The following is a guest post. Andrea Woroch is a consumer and money-saving expert who shows people how they can live on less without radically changing their lifestyles. From smart spending tips to personal finance advice, Andrea transforms everyday consumers into savvy shoppers. She has been featured among top news outlets such as NBC’s Today, Good Morning America, Dr. OZ, CNN, New York Times, Kiplinger Personal Finance, and many more. Follow her on Twitter or Facebook for daily savings posts.
We’re all guilty of making bad buying decisions from time to time, and that’s Okay. Just as long as you can identify the mistake and learn from it. However, when those occasional poor purchases turn into a behavioral pattern then you may have a much bigger issue on your hands. Paying little attention to your bad buying habits will ultimately effect your bottom line. Since these behaviors aren’t limited to spendthrifts either, it’s time to get a handle on your shopping indiscretions before it’s problem.
Here are 6 bad buying behaviors to kick before they become a habit!
1. Impulse Buying
Impulse-buying is an obvious starting point when discussing poor purchasing habits, but I was surprised to learn just how huge an impact it has at the grocery store. I recently read an article in Spirit Magazine that said impulse purchases represent over 50-percent of everything we buy at the supermarket. Sticking to your list and avoiding temptations at checkout, end caps and bargain bins will keep you from making this costly mistake. The best tip, however, is to limit the number of trips you make to the store. Plan ahead and aim to grocery shop just once a week. Otherwise, challenge yourself to shopping just twice a month and see how much you save. The same goes with bulk retailers and department stores: If you can’t control yourself, just don’t go into the store and shop online instead.
2. Unnecessary Upgrades
Most practical people would never purchase anything deemed unnecessary, but some salespeople do a great job of making things sound important. Extended warranties, for example, may seem like smart buys as your shelling out cash for a pricey electronic purchase. However, the manufacturer’s warranty is usually sufficient, plus some credit cards offer additional coverage.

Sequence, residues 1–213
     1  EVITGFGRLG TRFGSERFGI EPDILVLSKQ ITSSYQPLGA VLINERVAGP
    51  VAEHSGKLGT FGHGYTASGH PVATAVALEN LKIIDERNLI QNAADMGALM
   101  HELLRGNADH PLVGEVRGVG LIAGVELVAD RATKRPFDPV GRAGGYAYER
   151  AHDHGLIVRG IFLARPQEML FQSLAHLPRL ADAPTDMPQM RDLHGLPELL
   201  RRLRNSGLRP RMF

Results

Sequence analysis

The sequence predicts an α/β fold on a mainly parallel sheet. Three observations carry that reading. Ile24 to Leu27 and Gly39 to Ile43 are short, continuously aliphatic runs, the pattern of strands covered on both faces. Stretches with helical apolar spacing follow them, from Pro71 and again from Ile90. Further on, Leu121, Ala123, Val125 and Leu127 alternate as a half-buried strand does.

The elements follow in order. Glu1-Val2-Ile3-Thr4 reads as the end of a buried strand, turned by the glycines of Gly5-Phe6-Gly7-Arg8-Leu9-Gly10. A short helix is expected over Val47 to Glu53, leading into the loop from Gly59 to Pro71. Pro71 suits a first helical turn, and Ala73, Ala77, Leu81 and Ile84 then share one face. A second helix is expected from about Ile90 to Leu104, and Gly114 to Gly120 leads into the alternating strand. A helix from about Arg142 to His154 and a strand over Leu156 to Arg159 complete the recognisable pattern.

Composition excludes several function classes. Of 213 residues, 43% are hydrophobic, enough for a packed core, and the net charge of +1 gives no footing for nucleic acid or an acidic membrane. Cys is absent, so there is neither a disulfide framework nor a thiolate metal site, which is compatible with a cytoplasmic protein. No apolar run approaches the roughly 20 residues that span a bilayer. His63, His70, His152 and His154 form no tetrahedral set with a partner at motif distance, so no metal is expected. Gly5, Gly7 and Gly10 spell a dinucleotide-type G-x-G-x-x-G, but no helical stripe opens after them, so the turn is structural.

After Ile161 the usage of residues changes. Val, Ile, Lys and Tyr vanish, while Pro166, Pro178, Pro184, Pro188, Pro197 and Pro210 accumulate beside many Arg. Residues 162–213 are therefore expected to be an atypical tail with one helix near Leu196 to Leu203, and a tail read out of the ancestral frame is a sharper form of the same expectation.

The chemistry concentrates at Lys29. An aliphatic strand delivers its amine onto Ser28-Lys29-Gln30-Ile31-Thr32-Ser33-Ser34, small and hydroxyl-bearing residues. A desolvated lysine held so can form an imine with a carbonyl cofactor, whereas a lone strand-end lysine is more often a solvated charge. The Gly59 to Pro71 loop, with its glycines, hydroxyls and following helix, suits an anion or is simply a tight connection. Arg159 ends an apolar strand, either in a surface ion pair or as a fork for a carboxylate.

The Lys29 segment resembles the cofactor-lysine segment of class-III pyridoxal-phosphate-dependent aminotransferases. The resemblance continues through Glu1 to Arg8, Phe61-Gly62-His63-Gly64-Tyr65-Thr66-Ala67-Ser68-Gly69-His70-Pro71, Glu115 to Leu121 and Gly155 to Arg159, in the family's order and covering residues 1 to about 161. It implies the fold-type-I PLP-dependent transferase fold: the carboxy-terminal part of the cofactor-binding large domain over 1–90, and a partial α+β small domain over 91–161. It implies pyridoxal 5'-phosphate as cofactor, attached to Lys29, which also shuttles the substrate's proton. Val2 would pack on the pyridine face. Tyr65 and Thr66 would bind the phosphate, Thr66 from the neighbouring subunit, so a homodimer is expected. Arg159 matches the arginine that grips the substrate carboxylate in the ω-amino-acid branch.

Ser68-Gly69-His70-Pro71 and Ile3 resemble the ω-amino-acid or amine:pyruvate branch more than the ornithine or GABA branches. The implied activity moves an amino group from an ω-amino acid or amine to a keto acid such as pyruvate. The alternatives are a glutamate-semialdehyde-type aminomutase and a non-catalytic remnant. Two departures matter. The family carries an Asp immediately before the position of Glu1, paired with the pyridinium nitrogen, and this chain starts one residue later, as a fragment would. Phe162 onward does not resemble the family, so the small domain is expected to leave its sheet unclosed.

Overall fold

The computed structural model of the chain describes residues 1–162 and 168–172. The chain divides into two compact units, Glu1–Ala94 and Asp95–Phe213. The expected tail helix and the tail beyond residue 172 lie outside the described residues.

Failing to compare prices or find coupons for a purchase is just pure laziness, especially with the abundance of apps and websites that make it easy to compare and save. I search for printable coupons using my phone app for in-store savings so I can access deals when I’m on the go. Plus, I often forget to bring the paper coupons with me. I also compare prices with the RedLaser app so I know I’m getting a good deal and use the data to negotiate or ask for price matching. Not much effort needed with these helpful tools!
The term “spaving” — not to be confused with the “perceptual contrast principle” — refers to “spending to save” and we’re all guilty of it. It happens when you intend to buy one of something, but end up with two, three or even 10 because of a “buy one, get one” promotion. Spending $50 to earn reward points when you only intended to spend $30 is another example. And finally, daily deals are the worst offenders, tempting you to spend money on dining, activities and even vacations because they’re such a good deal. Remember, these multiple deals are a marketing tactic designed to get you to spend more. Keep this in mind the next time you are tempted to stock up and shop with cash to reduce overspending.
5. Staying Quiet
I’m not a terribly confrontational person, but when I take the time to print a coupon or visit a store because of a promotion, I feel pretty cheated when I don’t get the discount. Too often, patrons will simply brush off the potential for savings in the spirit of politeness. However, it’s always best to speak up when you feel you’ve earned a discount in good faith. More often than not, retailers will honor a discount or coupon when you simply ask. Getting to know a sales associate is another great way to find out about upcoming sales or special promotions, so don’t stay quiet.
6. Applying for Store Credit
“Would you like to open a store card today and save 15 percent on your purchase?” The prospect of saving money is a powerful motivator, but opening store credit cards for one-time discounts is a bad habit. Doing so results in a “hard inquiry” on your credit report which can lower your score. High interest rates coupled with a barrage of marketing messages aimed at making you use the card more could land you in a world of financial trouble. Get in the good habit of saying “no” whenever a sales associate asks you about opening a line of credit.